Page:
A: The best way to store sprouted oats is in an air-tight container. You can store your sprouted rolled oats, sprouted steel cut oats, or sprouted quick oats in their One Degree Organics resealable bag. Or you can transfer them to any glass, metal, ceramic, or plastic container with a tight-fitting lid that fits in your pantry.
Q: Should I store sprouted oats in the fridge?
A: One Degree Organics sprouted oats are shelf stable at room temperature for one year from the date of manufacture—so you do not need to store your sprouted oats in the fridge to keep them fresh.
However, storing sprouted oats in the fridge—or freezer—won’t hurt them. If you live in a particularly hot, humid climate, go ahead and store your sprouted oats in an air-tight container in your fridge if you prefer. Or if you shop for sprouted oats in larger volumes less often, it is okay to store sprouted oats in your freezer in an air-tight container to keep them fresh for longer, too.
Q: How long do sprouted oats last once the bag is opened?
A: From the date of manufacture, One Degree Organics sprouted oats have a shelf-life of one year. Stored in a sealed package or in an air-tight container, sprouted oats are good until the Best Before date stamped on the bag.
How long sprouted oats last once the bag is opened depends on when the package was opened relative to the Best Before date, and how they are stored after the bag was opened.
Storage conditions and climate can influence how long sprouted oats stay fresh. For example, if you live somewhere particularly hot and humid, and you store your sprouted oats in a container with a loose-fitting lid or leave the bag unsealed, they may not stay fresh as long.
Although the Best Before date is not an expiry date, it is the date to which One Degree Organics can guarantee freshness. Stored correctly in an air-tight container, your sprouted oats may be usable for many weeks or months beyond the Best Before date.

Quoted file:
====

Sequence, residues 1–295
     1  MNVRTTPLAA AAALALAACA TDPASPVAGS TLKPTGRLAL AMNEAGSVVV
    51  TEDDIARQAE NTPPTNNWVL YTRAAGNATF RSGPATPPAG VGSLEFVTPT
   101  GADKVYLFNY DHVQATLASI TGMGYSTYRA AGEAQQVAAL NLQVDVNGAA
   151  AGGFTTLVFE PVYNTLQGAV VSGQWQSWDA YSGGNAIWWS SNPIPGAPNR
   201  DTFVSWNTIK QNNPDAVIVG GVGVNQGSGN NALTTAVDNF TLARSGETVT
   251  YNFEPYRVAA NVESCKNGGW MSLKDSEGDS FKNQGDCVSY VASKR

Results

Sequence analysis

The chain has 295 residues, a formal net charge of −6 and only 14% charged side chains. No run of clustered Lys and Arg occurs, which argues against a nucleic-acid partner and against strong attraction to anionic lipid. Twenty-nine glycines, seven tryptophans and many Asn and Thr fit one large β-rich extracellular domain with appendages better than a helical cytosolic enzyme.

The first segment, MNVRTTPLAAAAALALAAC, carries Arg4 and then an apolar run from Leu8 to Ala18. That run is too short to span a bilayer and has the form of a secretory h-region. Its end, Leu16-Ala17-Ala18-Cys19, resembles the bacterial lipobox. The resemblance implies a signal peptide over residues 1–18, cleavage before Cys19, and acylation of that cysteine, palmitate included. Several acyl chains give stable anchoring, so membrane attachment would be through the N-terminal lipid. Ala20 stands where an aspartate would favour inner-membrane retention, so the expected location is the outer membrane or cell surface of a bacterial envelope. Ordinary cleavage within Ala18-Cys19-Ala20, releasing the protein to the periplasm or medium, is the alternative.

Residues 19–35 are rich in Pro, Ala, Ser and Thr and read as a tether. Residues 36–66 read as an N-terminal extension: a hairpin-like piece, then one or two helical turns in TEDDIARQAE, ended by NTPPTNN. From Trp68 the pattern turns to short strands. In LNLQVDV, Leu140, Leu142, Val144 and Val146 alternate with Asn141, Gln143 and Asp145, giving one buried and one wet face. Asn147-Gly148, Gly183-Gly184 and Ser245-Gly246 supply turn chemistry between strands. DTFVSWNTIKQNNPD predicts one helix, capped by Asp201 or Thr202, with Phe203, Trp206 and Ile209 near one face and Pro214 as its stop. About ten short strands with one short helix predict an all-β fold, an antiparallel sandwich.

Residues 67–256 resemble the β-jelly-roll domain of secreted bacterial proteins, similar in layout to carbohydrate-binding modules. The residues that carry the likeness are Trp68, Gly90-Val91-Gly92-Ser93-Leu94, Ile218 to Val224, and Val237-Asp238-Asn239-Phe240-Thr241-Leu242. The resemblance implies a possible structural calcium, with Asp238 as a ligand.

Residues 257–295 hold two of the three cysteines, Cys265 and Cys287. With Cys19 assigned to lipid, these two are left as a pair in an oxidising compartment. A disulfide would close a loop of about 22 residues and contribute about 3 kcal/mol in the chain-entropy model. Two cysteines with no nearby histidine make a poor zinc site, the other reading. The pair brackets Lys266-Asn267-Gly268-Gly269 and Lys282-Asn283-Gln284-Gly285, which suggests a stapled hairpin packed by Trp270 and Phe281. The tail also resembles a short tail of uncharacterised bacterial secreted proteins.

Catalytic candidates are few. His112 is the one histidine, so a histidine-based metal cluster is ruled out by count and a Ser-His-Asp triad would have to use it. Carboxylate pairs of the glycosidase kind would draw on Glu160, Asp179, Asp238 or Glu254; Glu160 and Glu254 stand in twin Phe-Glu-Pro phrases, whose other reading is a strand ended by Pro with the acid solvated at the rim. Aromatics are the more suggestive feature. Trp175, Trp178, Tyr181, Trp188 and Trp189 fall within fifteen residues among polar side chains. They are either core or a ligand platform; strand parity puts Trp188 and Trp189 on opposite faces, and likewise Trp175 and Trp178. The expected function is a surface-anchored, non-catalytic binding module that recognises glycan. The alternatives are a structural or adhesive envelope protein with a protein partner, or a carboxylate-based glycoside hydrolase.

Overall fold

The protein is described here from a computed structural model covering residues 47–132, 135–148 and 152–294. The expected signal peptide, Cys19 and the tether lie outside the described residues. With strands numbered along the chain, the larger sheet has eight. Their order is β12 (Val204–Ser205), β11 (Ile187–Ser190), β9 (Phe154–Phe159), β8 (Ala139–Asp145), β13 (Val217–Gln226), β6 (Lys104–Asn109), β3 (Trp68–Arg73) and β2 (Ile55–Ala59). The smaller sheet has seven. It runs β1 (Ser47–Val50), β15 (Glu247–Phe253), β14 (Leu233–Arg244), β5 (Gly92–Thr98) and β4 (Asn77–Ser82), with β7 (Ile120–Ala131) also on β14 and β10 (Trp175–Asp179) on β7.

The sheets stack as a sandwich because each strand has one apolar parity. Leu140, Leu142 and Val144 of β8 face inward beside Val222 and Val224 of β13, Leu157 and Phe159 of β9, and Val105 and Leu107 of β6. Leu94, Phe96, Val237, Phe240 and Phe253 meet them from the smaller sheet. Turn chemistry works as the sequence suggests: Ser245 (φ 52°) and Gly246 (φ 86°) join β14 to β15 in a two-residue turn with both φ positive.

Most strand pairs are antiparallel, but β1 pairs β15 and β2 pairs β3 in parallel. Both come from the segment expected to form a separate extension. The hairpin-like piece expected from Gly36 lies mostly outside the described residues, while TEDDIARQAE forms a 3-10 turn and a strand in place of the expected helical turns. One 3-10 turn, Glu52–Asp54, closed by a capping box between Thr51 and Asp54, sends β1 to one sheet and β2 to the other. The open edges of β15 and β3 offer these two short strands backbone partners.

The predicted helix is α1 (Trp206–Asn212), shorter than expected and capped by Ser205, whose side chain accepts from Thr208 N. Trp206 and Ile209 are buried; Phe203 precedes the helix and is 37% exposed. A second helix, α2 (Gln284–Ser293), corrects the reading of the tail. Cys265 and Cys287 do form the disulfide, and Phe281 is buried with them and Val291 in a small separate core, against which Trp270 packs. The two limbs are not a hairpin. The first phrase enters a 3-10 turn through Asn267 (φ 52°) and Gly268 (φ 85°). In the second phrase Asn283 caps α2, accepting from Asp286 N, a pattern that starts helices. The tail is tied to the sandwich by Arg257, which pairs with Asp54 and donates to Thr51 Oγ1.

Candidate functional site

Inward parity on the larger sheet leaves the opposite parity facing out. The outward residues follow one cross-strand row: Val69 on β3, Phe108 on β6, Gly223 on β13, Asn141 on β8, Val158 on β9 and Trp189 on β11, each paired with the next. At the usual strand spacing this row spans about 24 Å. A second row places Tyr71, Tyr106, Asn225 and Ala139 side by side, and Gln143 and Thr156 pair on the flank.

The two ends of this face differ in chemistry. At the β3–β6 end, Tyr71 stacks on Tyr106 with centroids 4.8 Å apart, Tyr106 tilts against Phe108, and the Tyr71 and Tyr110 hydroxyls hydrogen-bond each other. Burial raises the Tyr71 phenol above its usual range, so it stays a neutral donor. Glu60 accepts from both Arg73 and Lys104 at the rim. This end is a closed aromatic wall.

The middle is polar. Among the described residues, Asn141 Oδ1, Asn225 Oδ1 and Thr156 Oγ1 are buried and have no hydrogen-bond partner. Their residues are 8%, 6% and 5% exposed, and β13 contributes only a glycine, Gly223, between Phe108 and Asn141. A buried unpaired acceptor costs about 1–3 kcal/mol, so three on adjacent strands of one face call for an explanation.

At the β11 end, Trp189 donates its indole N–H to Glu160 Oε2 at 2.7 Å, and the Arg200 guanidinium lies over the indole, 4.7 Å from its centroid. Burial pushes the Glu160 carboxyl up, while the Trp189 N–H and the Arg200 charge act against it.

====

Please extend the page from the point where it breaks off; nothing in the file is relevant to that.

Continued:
Q: How can you tell if your sprouted oats are still good beyond the Best Before date?
(Or how can you tell if your sprouted oats are still good if you threw out the package and are unsure how old they are?)
A: Fresh oats—and sprouted oats that are still good to eat—will be dry, have a neutral taste, and a delicately sweet, almost nutty smell.
Q: Do sprouted rolled oats go bad?
A: Yes, sprouted rolled oats can spoil due to time, storage conditions, or a combination of both. One Degree Organics sprouted oats are guaranteed shelf-stable until the Best Before date printed on the package (one year after the date of manufacture) if stored correctly in a sealed bag or air-tight container.
Q: How can you tell if sprouted oats have gone bad?
A: Give them a sniff! Spoiled oats (sprouted oats or regular oats of any style) will have a distinct rancid smell that some people describe as paint-like. If your sprouted oats smell off—or if you can see signs of mold, dark spots, or moisture—it’s best to toss them in your compost bin and pick up a fresh bag on your next trip to the store.
Q: How are One Degree Organics sprouted oats processed to make them shelf-stable?
How do you stabilize One Degree Organics sprouted oats? Do you use any chemicals in processing?
A: One Degree Organics sprouted oats are stabilized using steam to deactivate the lipase enzyme that causes the lipids (fats) in untreated oats to go rancid. No chemicals or other agents beyond steam and gently oven-drying are used to make our sprouted oats shelf-stable.
Where do your sprouted oats come from?
Q: Where are the oats for One Degree Organics sprouted oats grown?
A: The oats One Degree Organics uses to make our sprouted oats are grown by a network of organic farmer partners located in Canada’s prairie provinces, specifically in northern Alberta. It is one of our greatest pleasures to work with these farmers and bring you the highest quality sprouted oats in the world.
The region of northern Alberta our plant-based organic oats come from is known for its ideal growing conditions and a community of farmers who are dedicated to producing the best oats using sustainable and environmentally friendly methods. Learn more about why where our organic oats are grown matters—read our article on the secrets behind the best oats here.
How are your sprouted oats grown?
Q: What is different about how the oats for One Degree Organics sprouted oats are grown?
A: One Degree Organics sprouted oats are special because they are grown by farmers who share our passion and values for organic farming and are committed to producing the highest quality oats. Our sprouted oats are grown using unique veganic farming practices that prioritize the health of the soil and the environment.